In a remote corner of southwest Alaska, the local Eskimo population could hold the key to preventing diabetes and heart disease. What may surprise you is that most of the study participants do not fit our view of what's a healthy weight.
Seventy percent of the Yup'ik Eskimos in the study were overweight or obese.
Diet seems to make the difference.
"They have very high intakes of fish and other marine foods, so their intakes of these omega-3 fats is very high -- 20 times that of what you would find in the U.S. overall, " said Fred Hutchinson researcher, Zeina Makhoul.
Yes, 20 times higher intake of omega-3's.
Perhaps because of all that fish consumption, Fred Hutchinson researchers found that this population does not have some of the risk factors normally associated with obesity.
"Specifically blood triglyceride levels, which is the major form of body fat and also C-reactive protein, which is a protein found in blood that indicates overall body inflammation," Makhoul said.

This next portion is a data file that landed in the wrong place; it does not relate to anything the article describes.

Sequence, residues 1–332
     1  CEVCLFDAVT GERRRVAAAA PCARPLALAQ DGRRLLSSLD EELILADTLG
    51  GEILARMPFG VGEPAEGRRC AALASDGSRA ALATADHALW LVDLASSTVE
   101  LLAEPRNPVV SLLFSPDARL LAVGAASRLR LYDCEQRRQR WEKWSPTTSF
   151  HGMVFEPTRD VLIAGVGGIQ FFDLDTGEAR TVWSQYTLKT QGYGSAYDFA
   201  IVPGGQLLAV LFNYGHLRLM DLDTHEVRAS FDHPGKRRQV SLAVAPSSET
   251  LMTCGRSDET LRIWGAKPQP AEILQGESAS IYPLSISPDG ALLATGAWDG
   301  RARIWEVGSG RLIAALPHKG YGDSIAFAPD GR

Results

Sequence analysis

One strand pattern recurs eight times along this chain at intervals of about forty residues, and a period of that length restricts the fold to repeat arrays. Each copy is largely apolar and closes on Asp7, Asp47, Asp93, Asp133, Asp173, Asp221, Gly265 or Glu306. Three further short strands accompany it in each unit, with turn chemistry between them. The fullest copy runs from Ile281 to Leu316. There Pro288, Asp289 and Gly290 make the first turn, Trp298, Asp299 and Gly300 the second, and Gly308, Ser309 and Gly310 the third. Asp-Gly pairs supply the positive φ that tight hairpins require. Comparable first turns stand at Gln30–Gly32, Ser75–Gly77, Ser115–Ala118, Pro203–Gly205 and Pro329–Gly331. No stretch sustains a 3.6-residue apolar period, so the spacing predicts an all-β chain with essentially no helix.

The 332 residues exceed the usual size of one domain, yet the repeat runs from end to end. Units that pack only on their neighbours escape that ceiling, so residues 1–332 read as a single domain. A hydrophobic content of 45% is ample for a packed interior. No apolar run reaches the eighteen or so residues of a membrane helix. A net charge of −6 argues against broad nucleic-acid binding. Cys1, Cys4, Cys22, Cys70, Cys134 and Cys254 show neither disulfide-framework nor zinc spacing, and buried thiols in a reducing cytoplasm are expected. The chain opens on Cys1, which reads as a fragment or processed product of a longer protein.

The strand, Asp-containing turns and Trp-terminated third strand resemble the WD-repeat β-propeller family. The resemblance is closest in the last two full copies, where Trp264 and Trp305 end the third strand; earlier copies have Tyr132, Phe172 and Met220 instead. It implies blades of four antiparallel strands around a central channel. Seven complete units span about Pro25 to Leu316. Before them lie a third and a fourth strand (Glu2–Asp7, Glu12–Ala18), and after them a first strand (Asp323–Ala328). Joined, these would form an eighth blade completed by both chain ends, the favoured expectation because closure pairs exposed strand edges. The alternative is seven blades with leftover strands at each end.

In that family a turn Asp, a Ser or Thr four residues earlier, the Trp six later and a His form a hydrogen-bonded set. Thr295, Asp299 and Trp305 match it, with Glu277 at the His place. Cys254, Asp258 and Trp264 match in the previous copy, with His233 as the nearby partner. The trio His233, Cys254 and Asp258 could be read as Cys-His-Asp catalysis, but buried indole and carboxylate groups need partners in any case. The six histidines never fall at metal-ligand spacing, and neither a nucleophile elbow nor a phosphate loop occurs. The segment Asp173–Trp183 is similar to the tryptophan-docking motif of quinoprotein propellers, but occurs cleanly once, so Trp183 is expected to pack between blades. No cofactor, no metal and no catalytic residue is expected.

So does that mean you should you load up on fish oil supplements? Not so fast. Makhoul cautioned that more studies need to be done to find out if there's something else going on with the Yup'iks.
"They have a pretty unique lifestyle and of course genetics could play a role," she said.
It's still a good idea to follow the American Heart Association recommendations and include more fish in your diet, at least two servings a week.
The study is published in the current on-line edition of the European Journal Of Clinical Nutrition.